Held, giving judgment for the plaintiff:

(1) The defendant was estopped from challenging the arbitrator's award. In the absence in Jersey of any statute governing the law and practice of arbitration, it was to be determined according to the principles of contract law, which were to be found both in customary sources and English and Jersey case law. In the present case, the principle la convention fait la loi des parties bound the defendant to accept the outcome of the arbitration and since there was nothing in the manner in which it had been conducted entitling the court to review the award, it was in the public interest that it be upheld (page 252, line 18 - page 253, line 26).

(2) Furthermore, having originally agreed to the arbitration, the defendant not only later failed to abide by the outcome but also broke its promises that it would pay and contested all attempts to enforce the award, resulting in large and unnecessary legal costs. Since this behaviour was tantamount to an abuse of the process of the court, the plaintiff would be awarded costs on a full indemnity basis (page 253, line 29 - page 254, line 8).

BAILHACHE, BAILIFF: At the beginning of this hearing I invited counsel to consider whether there were ways in which the arguments might be marshalled so as to render the passage of justice shorter. It seemed to me that it was in the interests of justice and, indeed, in the interests of the parties that the court should not be called upon to determine issues and to hear argument upon issues which might not in the event require to be argued, having regard to any conclusion at which the court might arrive.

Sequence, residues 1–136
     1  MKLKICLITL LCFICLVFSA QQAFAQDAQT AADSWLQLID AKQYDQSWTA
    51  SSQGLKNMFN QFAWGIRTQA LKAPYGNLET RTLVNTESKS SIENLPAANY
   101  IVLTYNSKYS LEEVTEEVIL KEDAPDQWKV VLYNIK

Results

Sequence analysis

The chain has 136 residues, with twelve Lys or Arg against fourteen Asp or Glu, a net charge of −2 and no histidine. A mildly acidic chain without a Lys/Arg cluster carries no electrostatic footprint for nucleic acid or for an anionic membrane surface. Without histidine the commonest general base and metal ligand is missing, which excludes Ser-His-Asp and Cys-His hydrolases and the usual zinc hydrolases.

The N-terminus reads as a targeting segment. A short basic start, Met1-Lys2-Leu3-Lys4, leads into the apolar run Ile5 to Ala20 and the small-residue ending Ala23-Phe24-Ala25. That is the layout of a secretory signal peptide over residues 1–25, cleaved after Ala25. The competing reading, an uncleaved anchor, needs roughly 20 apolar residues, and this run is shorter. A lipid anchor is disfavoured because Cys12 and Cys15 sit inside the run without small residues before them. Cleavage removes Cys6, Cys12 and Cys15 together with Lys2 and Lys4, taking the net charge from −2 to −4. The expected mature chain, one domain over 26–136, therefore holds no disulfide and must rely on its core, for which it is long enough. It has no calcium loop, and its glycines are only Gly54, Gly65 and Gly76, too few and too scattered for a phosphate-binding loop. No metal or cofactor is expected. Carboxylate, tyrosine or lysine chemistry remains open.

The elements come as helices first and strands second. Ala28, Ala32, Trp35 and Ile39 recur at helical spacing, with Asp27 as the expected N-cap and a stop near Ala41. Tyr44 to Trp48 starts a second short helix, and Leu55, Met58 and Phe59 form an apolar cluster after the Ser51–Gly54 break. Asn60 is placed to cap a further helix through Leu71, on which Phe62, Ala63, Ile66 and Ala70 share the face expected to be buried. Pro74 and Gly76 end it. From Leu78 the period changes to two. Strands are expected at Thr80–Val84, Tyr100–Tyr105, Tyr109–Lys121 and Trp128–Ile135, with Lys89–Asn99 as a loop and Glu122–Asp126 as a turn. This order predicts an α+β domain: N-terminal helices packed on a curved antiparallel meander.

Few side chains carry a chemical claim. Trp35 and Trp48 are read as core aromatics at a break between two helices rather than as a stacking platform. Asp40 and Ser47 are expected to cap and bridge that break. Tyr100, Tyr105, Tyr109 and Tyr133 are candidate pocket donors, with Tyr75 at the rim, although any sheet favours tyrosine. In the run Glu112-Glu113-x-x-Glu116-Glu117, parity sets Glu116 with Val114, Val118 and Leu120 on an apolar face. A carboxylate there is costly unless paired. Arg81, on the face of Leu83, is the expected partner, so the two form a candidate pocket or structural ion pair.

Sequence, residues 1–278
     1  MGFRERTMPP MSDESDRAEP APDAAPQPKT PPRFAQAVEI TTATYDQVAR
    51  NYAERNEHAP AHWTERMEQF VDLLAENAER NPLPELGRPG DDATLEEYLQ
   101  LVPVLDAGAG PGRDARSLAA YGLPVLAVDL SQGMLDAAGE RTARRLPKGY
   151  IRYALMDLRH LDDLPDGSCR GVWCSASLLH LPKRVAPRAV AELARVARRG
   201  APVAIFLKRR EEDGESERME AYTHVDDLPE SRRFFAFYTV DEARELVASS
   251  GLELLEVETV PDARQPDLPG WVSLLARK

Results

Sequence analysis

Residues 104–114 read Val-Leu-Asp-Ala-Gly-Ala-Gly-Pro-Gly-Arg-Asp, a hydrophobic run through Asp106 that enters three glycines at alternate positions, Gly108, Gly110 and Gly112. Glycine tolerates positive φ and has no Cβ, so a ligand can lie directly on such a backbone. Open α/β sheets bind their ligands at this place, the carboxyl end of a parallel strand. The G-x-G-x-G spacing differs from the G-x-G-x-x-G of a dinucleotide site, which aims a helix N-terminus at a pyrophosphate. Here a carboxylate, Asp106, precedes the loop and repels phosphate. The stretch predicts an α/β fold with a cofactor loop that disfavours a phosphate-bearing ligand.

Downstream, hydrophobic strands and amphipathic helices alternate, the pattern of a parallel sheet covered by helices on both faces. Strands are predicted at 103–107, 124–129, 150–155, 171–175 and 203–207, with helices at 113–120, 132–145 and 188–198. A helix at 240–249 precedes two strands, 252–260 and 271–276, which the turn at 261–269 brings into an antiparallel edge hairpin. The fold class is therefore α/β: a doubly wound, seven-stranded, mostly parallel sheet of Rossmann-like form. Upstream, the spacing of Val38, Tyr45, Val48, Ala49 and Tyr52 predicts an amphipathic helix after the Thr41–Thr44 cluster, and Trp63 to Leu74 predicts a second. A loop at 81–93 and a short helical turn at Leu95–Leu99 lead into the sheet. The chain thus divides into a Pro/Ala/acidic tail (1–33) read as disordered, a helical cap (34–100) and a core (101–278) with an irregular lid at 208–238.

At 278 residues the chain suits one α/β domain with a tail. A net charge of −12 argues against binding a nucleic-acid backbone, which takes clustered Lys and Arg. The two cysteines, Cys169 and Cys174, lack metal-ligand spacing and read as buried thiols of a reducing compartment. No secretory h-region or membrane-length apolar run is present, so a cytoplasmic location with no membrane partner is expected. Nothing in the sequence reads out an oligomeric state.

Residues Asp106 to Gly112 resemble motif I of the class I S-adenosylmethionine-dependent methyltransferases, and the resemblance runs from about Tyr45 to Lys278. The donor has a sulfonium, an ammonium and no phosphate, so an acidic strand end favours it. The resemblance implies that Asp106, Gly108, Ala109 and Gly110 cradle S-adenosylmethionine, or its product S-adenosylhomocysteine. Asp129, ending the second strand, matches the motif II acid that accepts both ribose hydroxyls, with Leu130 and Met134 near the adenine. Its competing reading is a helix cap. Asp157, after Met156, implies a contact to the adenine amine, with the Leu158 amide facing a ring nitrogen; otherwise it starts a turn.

In this case, the plaintiff is suing upon an arbitration award. The defendant has denied that there was any agreement to enter a binding undertaking to accept the consequences of an arbitration and indeed goes on to challenge the conduct of the arbitration and the reasonableness of the decision at which the arbitrator eventually arrived. The plaintiff replies to those last submissions by arguing that the defendant is estopped from contending that the arbitration was not properly conducted and that the arbitrator's award was unreasonable.